"My wife and I would milk about 60 cows, twice per day. That's about 200 gallons in a day." That's how hard Rick Fast was working during the only year he didn't own at least one Camaro. He'd been collecting them since he was 16 years old-buying, selling, and building dozens of them. They were cheap and plentiful back in the early '70s, and Rick took advantage. "I was buying cars like we were buying jeans. Every car was two or three thousand dollars; every lot was full of used Camaros at that time. I owned about 25 cars," he says.
Rick is from Grunthal, Manitoba, Canada, and speaks with stereotypical hockey slang when describing his GM exploits. It was there that he met lifelong buddy and bad influence Bob, who somehow had the money to buy a new Z28 in 1973 when they were both teenagers. Bob and Rick spent their time road tripping, drag racing, and cruising the car. Rick also remembered getting whipped by a '70 Z28 that was crowned the Fastest Car in Town. At the end of his goofball years, Rick was left with a '69 Daytona Yellow RS/SS and a '76 Type LT.
Then he found a girl on a dairy farm. When they got married she convinced him that the simple life was the way to go, so right out of high school they bought some cows with money raised through the sale of the Camaros. "I was so busy with the farm I did not notice the cars were gone," Rick says. Once the business was running, Rick decided to try and find another Camaro. He also had to make a deal with his wife to procure the goods: "I promised to quit smoking 100 days before I could buy a car." Rick found a '69 Z/28 for $6,500, and his wife called his bluff. The next day he quit and hasn't smoked since. "Whenever I wanted a smoke, I'd go look at the Camaro and decide which I wanted more." It was always the car.
By 1992, Rick and his wife had sold the dairy. To continue not smoking, he needed more Camaros. He bought an '82 pace car, a '00 Camaro SS, and a '70 SS. "It was spiraling out of control." Then he remembered Bob's '73 and the fast '70. Since the '70 SS was a basket case that needed a lot of work, Rick went looking for something to toy with. In Regina, Saskatchewan, he found an original 7011/42 Z28 with a Protect-O-Plate, build sheet, and everything needed to build a car like the fastest car in town. The paint was the original Hugger Orange, and Rick spent 16 hours working it with a clay bar to recover the shine and polishing it 25 times with an orbital polisher to get it to stay that way. He mixed up some correct paint and fixed "200 paint chips." No one could tell that the paint wasn't perfect. All of the stock drivetrain parts were carefully removed and stored, and Rick went looking for some speed.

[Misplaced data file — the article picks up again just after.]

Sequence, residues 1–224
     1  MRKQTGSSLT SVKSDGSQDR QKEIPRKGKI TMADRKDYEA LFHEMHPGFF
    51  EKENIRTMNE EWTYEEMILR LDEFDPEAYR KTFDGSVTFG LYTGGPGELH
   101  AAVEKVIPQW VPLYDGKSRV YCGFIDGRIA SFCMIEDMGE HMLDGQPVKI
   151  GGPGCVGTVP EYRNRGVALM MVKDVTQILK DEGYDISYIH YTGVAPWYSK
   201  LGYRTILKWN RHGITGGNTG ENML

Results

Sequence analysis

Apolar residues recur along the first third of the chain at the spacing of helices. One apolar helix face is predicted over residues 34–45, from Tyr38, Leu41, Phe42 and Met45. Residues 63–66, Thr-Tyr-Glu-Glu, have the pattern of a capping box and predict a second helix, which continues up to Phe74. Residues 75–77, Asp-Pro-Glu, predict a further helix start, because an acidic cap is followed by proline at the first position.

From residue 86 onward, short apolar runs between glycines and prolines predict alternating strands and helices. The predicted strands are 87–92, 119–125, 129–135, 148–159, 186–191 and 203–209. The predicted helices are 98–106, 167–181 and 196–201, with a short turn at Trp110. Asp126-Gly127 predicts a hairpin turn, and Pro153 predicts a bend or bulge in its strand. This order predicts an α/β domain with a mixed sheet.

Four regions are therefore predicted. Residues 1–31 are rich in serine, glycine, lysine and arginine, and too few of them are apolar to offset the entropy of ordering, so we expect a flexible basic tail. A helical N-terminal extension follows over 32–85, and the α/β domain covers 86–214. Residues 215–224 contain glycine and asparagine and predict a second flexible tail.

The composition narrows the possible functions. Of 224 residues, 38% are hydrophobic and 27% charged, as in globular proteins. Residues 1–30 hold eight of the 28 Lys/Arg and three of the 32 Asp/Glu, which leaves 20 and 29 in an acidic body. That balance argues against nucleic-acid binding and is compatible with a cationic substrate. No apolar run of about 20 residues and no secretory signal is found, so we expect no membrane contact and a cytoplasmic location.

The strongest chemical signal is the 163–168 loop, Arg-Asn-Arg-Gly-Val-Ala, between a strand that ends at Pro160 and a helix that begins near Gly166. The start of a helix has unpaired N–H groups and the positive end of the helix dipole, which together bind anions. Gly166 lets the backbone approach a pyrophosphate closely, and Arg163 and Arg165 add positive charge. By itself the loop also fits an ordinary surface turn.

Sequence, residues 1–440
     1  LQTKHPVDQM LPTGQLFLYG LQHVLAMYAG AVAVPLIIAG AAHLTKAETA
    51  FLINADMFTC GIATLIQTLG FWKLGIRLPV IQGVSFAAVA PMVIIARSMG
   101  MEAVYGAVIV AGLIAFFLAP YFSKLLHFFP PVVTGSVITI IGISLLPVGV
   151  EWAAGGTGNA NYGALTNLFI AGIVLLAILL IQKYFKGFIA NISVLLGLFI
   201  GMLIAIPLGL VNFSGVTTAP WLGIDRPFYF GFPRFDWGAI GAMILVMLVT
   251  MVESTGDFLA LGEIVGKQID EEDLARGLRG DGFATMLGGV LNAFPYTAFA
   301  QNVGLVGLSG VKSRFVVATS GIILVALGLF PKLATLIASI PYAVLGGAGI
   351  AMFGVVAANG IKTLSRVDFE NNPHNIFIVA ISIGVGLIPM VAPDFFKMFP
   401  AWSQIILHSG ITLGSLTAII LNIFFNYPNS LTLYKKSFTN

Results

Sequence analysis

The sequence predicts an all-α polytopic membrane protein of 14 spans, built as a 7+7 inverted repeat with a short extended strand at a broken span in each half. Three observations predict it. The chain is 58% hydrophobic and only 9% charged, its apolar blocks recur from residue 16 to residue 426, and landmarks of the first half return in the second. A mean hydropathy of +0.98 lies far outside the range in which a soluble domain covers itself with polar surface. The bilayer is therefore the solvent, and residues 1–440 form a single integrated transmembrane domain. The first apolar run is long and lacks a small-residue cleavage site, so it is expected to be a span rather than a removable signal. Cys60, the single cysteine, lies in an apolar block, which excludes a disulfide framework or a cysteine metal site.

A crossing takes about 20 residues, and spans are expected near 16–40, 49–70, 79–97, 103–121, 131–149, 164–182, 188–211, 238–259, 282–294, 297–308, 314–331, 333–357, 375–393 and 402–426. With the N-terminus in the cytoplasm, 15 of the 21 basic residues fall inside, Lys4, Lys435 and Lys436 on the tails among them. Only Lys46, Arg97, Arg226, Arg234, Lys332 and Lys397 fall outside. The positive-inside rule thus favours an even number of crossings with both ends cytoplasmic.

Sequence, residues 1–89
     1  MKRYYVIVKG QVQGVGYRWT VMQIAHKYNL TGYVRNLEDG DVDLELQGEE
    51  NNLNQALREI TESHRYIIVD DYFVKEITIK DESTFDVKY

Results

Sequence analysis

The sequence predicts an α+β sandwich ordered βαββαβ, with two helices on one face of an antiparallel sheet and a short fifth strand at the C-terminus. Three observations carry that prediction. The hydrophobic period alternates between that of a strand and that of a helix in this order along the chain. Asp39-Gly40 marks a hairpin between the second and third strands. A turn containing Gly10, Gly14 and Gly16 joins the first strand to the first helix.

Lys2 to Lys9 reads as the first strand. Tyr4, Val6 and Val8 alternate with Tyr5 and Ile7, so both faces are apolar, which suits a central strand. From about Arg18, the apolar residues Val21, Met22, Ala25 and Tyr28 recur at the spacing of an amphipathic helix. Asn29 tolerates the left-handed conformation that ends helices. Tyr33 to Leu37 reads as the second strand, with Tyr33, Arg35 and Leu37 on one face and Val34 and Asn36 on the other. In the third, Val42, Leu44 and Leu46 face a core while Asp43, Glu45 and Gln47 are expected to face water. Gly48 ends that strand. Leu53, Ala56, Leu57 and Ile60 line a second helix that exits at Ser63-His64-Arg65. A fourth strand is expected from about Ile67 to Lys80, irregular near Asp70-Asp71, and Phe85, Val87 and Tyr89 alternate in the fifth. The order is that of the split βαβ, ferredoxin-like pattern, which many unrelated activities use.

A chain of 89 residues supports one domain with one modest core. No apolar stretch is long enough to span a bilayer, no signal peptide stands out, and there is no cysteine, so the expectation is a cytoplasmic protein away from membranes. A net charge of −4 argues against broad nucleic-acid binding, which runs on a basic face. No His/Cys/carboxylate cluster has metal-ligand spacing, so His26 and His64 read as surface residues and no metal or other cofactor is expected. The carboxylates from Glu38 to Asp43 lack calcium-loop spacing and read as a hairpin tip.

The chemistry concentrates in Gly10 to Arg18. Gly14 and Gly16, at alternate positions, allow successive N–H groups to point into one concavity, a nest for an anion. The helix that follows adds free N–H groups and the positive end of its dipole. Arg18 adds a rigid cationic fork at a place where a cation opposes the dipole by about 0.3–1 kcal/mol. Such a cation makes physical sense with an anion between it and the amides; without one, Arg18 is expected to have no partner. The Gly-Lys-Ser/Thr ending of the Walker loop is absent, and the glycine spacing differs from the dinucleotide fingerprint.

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"A friend tells me one day that there is a 502 for sale from a street rod project. The engine was still in a crate and ready to go. So I bought it." Rick was interested in adding a five-speed but was afraid that the 502 would break parts if he decided to run a shot of nitrous oxide at the track. That's when he read the ad at D&D Performance for a Viper six-speed box that could handle 750 hp. It bolted in using the stock Camaro clutch linkage and pedal assembly.
The car originally came with a 3.73:1 gear, and Rick had installed a set of 4.10:1 gears to make it a little faster, but the combination of a four-speed and a steep ratio made the car harsh and almost unbearable. When he installed the six-speed he also installed 4.88:1 gears to take advantage of the overdrive. "It was all good, but I had to shift gears all the time," he says. "When the 502 came along there was plenty of torque, so I put the 4.10s back in. Buying the 502 was the best hot rodding move I've ever made."
At 70 mph the engine turns 1,800 rpm. The car is driven from Canada to St. Paul, Minnesota, for the Car Craft Summer Nationals, getting 15-17 mpg on pump gas. It also sees track action at Gimli Dragway in Manitoba, where it runs 11.90s at 117 mph. Rick and his family drive it to the track an hour away, run all night, and drive it home.